711.35/7–1145: Telegram

The Ambassador in Argentina (Braden) to the Secretary of State

1498. I respectfully submit the following in reply to Deptel 836, July 9, 11 a.m.

Section A. When in Embtel 1441, I urged that President Truman discuss the Argentine problem with Premier Churchill I did not have in mind any precise example or incident. On the contrary, I desired to emphasize necessity for our two Govts, to agree upon a broad, long range and in so far as possible, common policy. My recommendation was based on following recognized facts:

Future peace and well being of the world in considerable measure depend on Anglo-American cooperation and understanding.
Any menace to security of the U.S. will also threaten that of British Empire.
The present world-wide ideological struggle will not cease with the end of armed conflict; the U.S.A. and Great Britain must be more alert and positive in defense of their systems, national lives, and principles than ever before.

My recommendation was further based on:

This has proved that both from strategic and political aspects it is imperative for the security of U.S.A. that other American Republics [be?] in hands of friendly cooperative govts, imbued with principles—i.e. of democracy identical to ours. (What would have occurred had Germans come westward instead of our going eastward to Africa? The Latin American dictators and disreputable govts. would have sold out to the enemy in a flash.)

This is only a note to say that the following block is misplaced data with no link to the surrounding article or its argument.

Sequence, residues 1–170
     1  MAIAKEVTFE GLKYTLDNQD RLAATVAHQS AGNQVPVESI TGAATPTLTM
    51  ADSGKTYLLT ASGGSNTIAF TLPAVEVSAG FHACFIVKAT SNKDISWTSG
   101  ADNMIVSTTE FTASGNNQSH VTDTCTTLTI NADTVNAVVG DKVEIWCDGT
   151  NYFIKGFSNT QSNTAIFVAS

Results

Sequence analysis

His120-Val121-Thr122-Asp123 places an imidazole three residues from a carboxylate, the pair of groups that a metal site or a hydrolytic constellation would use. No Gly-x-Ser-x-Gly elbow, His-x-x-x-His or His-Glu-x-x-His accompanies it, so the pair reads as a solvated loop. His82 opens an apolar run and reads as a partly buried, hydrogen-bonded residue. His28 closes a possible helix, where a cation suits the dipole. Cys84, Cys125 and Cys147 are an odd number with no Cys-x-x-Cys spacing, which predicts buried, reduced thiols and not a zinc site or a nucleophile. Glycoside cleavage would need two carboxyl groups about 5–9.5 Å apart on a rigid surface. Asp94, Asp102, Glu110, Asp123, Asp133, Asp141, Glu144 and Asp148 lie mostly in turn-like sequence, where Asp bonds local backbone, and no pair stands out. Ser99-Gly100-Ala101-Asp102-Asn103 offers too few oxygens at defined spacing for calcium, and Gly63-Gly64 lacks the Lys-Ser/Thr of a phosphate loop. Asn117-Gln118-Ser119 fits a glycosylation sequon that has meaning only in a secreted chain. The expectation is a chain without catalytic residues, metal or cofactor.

As reported in my Chaco Delegation despatch No. 509, Sept. 23, 1937,77 the Fascist militaristic influence here is not superficial temporary phase but a sturdy growth which cannot be quickly or easily destroyed by a short range program or by half-way measures.…
As Cordell Hull stated in memorandum attached to Depins No. 6151, Oct. 2, 1944:77 the Nazi-Fascist movement “entrenched in Argentina is in a position to build up its strength and to prepare for [Page 392] future aggression. So long as present situation persists, Nazi-Fascist danger will be ever present. Its poison will spread to other countries as we shall be confronted in not too far distant future with major threat to whole structure of postwar international security.” Also see numbered paras 1 and 2 of Dept. A–973, Oct. 24, 1944.80 These two statements are as true today as when written.